MINNEAPOLIS (Aug. 1, 2014) — The Minneapolis City Council and Mayor Betsy Hodges today approved the City’s first open data policy that sets in motion the creation of an open data portal so new kinds of City data can be accessed online by the public.
Up until now, if residents or reporters wanted much of this information, they had to formally request it from the City.
“I know in other cities, entrepreneurial residents have been able to add value to City data by creating their own smartphone applications,” said Mayor Betsy Hodges. “This could be the first step in a new phase of community participation in running the city well. I thank Council Vice President Elizabeth Glidden and Council Member Andrew Johnson for their leadership on this issue, which will not only improve community engagement, but transparency and efficiency as well.”
“Open data is becoming the norm in cities and counties across the country and we have many engaged and tech-savvy residents here in Minneapolis who have been waiting for this day,” said Council Vice President Elizabeth Glidden. “Engaging our residents and giving them access to more City data could help us all find solutions to some of our issues and I look forward to seeing how the public uses this data to help make Minneapolis city government more efficient and effective.”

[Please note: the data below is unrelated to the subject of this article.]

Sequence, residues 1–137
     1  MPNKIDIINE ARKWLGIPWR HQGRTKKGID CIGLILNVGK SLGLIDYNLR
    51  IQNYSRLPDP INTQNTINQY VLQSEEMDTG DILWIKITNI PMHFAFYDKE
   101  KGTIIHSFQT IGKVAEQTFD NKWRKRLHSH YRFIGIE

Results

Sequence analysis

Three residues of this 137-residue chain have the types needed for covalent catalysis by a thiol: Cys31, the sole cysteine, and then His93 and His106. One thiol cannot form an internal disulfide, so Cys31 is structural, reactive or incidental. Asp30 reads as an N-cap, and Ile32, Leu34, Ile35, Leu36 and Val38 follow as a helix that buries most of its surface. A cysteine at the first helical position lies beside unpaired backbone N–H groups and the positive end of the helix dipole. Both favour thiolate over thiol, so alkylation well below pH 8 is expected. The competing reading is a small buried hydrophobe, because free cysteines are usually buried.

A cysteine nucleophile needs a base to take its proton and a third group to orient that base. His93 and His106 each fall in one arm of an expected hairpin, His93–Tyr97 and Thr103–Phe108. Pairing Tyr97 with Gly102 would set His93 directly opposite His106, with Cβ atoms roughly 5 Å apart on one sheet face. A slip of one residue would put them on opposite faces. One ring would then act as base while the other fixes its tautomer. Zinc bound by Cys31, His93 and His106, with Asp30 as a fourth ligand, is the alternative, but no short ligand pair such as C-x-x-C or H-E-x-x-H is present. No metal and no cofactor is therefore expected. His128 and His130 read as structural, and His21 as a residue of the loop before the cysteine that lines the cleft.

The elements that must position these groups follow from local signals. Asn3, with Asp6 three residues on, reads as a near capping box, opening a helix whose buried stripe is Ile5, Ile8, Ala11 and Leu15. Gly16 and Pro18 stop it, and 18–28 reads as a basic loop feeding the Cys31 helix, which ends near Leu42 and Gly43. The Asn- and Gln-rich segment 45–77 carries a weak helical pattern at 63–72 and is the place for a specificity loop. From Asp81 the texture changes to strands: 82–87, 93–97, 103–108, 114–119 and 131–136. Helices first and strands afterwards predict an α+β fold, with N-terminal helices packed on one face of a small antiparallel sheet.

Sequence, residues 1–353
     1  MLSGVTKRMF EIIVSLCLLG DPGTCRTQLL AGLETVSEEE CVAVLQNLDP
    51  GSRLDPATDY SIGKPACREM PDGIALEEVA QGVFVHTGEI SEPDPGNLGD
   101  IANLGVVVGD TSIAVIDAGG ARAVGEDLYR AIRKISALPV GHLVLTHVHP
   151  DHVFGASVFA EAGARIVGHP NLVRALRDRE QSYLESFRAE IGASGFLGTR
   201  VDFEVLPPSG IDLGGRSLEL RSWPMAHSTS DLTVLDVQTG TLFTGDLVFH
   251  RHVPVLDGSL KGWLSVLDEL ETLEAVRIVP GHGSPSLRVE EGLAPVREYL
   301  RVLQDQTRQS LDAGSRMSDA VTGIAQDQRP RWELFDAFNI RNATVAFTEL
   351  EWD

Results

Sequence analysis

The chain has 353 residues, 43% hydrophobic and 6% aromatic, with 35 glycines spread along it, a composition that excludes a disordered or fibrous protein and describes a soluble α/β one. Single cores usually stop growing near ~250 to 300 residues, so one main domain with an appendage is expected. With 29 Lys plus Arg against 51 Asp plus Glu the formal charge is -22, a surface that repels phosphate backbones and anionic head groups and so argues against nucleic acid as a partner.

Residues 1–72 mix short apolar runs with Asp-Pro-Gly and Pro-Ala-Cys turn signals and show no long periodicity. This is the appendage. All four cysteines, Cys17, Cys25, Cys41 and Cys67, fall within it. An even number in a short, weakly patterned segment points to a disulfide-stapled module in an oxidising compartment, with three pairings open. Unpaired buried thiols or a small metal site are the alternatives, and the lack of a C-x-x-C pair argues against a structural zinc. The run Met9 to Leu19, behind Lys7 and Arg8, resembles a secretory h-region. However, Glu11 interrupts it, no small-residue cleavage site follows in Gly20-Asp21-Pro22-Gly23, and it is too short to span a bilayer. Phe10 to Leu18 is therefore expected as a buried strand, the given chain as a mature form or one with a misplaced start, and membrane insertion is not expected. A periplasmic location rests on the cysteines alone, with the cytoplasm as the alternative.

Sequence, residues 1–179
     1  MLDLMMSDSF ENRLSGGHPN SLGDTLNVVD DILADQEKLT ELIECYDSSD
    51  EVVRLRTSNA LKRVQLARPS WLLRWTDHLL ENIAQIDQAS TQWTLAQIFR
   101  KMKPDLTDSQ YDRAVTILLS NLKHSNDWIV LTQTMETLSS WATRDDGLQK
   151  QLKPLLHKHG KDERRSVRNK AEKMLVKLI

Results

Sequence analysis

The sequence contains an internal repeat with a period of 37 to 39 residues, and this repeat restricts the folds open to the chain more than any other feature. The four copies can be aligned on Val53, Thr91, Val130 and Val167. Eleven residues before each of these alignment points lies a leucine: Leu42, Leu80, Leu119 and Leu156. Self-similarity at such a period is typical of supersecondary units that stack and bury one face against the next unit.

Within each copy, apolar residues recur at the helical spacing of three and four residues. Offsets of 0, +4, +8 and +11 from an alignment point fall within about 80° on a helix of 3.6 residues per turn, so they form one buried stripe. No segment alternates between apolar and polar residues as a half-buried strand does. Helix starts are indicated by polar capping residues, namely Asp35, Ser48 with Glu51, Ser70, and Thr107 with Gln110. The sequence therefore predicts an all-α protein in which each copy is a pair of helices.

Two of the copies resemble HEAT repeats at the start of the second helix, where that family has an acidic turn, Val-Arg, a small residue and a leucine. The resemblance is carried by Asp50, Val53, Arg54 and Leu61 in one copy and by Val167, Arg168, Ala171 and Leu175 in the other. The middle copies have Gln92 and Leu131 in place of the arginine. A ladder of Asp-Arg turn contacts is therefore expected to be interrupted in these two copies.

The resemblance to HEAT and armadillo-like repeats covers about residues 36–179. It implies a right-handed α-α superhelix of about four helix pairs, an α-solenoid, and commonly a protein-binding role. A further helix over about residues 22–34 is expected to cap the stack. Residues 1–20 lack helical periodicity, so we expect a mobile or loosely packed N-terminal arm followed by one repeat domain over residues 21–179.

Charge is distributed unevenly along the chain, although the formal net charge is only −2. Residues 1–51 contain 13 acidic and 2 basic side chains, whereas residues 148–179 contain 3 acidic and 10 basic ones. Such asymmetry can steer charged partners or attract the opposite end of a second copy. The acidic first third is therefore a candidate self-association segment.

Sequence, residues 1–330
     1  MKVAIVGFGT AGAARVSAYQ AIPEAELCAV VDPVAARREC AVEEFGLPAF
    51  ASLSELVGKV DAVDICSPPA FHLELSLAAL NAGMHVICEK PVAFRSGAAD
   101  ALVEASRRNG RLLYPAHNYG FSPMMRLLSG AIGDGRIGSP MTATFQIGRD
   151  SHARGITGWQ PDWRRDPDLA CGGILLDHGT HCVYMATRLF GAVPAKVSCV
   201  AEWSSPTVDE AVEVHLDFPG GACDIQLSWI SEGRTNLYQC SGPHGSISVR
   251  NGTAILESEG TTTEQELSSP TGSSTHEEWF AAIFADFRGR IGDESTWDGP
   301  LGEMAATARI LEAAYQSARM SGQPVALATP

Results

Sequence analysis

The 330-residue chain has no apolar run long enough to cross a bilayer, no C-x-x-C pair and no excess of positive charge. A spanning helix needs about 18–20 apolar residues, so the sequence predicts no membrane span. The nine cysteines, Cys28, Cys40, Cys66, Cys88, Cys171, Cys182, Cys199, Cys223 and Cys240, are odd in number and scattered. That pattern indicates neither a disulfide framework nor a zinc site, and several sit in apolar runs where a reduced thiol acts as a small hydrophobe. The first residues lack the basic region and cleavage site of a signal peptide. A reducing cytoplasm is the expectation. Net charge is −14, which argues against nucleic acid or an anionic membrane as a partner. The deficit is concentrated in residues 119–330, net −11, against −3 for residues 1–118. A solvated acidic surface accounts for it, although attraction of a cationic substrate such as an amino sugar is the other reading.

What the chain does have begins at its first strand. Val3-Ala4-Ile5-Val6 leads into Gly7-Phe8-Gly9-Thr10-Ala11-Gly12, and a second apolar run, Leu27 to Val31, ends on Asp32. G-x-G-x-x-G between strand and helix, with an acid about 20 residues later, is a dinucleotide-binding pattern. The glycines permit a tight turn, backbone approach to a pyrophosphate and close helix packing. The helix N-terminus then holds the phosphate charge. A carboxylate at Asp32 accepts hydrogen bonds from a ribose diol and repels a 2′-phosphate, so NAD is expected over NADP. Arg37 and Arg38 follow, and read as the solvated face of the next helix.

“This is a great step forward to help increase transparency and accessibility to City information,” said Council Member Andrew Johnson. “The possibilities are endless for how creative minds in our community can work with this data to make it useful for residents, businesses, and visitors. This will enable greater collaboration and empower community members to help the City achieve its goals. I’m excited to see how this opportunity is utilized and watch our culture and City change for the better.”
Minneapolis now joins 38 states and 46 cities and counties that have open data portals that have made several hundred to thousands of data sets available to the public. By making the City of Minneapolis’ data available online, the public can use it in a variety of ways, including to help identify efficient solutions for government, to promote innovative strategies for social progress and to create economic opportunities. Common uses of open data across the country include the development of web and smartphone applications such as applications that show when busses will arrive at a bus stop, where crime is happening, where public bikes are available and results of city inspections.
The approved policy states that a City open data portal will go live online within 120 days. All data sets published on the open data portal will use a format that permits processing of the data for download through an application programming interface (API). City departments will work to make an initial set of data available when the portal comes online, and additional data sets will be added over time.
Beginning in 2015, all new City contracts will need to include provisions to ensure data sets can be made public when appropriate. City departments will also assign an open data coordinator to manage publishing departmental data.
As part of the approval of the 2014 budget, the City Council directed staff to develop an open data policy for the city. The Information Technology department created the Open Data Group made up of department staff, Council Member Andrew Johnson, and subject matter experts from outside City government.